He Who Is Faithful with Little Meaning and Meditation

His lord said unto him, Well done, thou good and faithful servant: thou hast been faithful over a few things, I will make thee ruler over many things: enter thou into the joy of thy lord.” (Matthew 25:21)

We all want to get ahead in life, right? Get a promotion, earn more money? When we are teenagers or young adults first leaving the house, we feel like we can take on the world, and nothing is out of reach; but we soon learn that the pecking order starts at the bottom.

Once we show that we are able to fulfill the responsibilities of a lower position, we are gradually given more and more responsibility as we rise in seniority. This is true in business, as well as in the church. And the foundation for this precept was given by none other than Jesus Himself.

#1 Picture of Heavenly Accountability

The parable of the talents is one of the most familiar stories from the Gospels. In His “object lessons” that used the language and imagery common people were familiar with, Jesus unpacked deep truths about the kingdom of heaven and about our role in serving God here on earth.

This particular parable in Matthew 25:1-30 tells of a master who left talents (which we can assume to be some kind of currency) to some of his servants. Two of them were savvy investors and hard workers and doubled the amount they were entrusted with, but one servant simply buried what was given to him. When the master returned from his travels, the two faithful servants showed that they had been responsible for what had been assigned to them, and they were rewarded with more. But the “lazy” servant was reprimanded for his ignorance, and what little he had was taken from him.

#2 Pitfalls of Happiness and Greed

It is important to remember that we do not serve God just to gain riches. The belief that serving God will make us rich is what is commonly known as “prosperity theology” or “prosperity gospel,” and it does not have its focus on God’s will, but simply on how much we can gain for ourselves. This kind of theology loses the vitality of a life yielded to Christ and instead focuses on material gain.

Jesus also warned against worrying about our material wealth and worth (Matthew 6:19-34) and pointed out the importance of displacing money as an idol (Mark 10:17-22) and praised those who gave everything they could for His sake (Luke 21:1-4). God promises to provide for our needs (2 Corinthians 9:8), and it is true that the faithful servants were given greater wealth as a result of their actions. But the point of the parable was in the work itself, not the reward. The faithful servants were invited to share in their master’s happiness (Matthew 25:21), and the wicked servant was cast out into a state of mourning (Matthew 25:30).

#3 Perspectives on Holistic Application

This is the proper application of the concept of stewardship. God owns everything anyway since He created it (Psalm 24:1), and we cannot assume that we are entitled to whatever we “earn” for our work (Deuteronomy 8:17). When we align our vision to this right view that God has blessed us in His giving, we can remember to be faithful stewards of what He has entrusted to us. We remember that we cannot “own” anything, but rather are responsible for caring for it during our lives on this earth.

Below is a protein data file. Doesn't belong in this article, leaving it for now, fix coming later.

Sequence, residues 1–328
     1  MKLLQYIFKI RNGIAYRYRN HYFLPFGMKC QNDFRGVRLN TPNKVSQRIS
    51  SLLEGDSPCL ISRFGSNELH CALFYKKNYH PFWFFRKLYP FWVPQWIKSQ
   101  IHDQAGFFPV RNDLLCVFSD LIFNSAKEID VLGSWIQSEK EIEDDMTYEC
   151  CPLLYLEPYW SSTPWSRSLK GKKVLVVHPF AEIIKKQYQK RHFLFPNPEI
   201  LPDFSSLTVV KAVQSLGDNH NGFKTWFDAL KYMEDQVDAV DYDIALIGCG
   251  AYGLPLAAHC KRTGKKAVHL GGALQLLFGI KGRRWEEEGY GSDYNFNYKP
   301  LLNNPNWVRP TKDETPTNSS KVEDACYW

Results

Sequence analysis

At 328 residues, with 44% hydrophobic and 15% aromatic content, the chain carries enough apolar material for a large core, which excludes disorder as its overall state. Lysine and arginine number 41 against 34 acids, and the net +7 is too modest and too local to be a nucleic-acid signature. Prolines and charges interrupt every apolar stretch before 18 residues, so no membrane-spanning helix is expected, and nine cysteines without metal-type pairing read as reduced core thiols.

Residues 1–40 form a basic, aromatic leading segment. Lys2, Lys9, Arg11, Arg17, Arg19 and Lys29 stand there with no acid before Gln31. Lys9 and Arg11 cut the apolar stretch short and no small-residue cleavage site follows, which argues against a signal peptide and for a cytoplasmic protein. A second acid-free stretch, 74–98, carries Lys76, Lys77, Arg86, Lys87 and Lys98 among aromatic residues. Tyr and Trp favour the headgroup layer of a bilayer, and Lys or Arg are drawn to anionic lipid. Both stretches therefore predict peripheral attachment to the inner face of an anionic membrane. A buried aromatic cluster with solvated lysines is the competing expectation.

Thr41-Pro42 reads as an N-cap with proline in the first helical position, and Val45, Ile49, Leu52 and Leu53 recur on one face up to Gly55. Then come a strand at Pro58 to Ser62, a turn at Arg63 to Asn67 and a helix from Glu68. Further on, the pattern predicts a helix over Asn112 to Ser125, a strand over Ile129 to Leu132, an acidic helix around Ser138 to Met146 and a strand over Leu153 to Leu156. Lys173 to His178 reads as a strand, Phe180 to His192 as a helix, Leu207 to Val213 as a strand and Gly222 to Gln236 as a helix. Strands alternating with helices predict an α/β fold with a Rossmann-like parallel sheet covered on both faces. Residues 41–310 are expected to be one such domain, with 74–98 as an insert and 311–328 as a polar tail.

This applies to our “time and treasure,” which is a phrase commonly used in the church for our work and our tithes and offerings. We should be good stewards of our finances, faithfully giving to the church and to those in need as the Holy Spirit compels us (2 Corinthians 9:7). We should also be generous with our time and use it in the service of others, regardless of whether we are paid for our time. We should also be faithful with our spiritual gifts and natural abilities, which God has given us to use for the benefit of our fellow believers (1 Peter 4:10).

#4 Prepared for Holy Activity

Although it should not be our primary focus, the notion of “growing where we are planted” will lead to greater responsibility from God as we grow and mature in Him. David faithfully followed God in his youth, and he was made king over all of Israel because he was a man after God’s own heart (1 Samuel 13:14). His son, Solomon, also felt that weight of responsibility when he ascended to the throne and sought God’s wisdom in ruling over His chosen people (1 Kings 3:7-9).

God is using your circumstances to prepare you for what He has in store. We may not understand what He is doing at the time (Isaiah 55:8-9), but we can rest assured that His plan will always work out for our good (Romans 8:28). If we are faithful with the responsibilities and gifts God has given us today, He will give us greater things in the future, as long as we remember to return those gifts back to Him and act not as entitled owners but as faithful and submissive stewards.

Conclusion

So take stock of your life today, and ask God what He has blessed you with. Perhaps you have an opportunity to serve others in your local church, or you may be looking for additional responsibilities in the workplace. Whatever the case, be faithful and hardworking where God has planted you, and work as if God Himself was your boss (Colossians 3:23). You never know when He will reveal His next steps for your life.

Author Bio
Natalie Regoli is a child of God, devoted wife, and mother of two boys. She has a Masters Degree in Law from The University of Texas. Natalie has been published in several national journals and has been practicing law for 18 years. If you would like to reach out to contact Natalie, then go here to send her a message.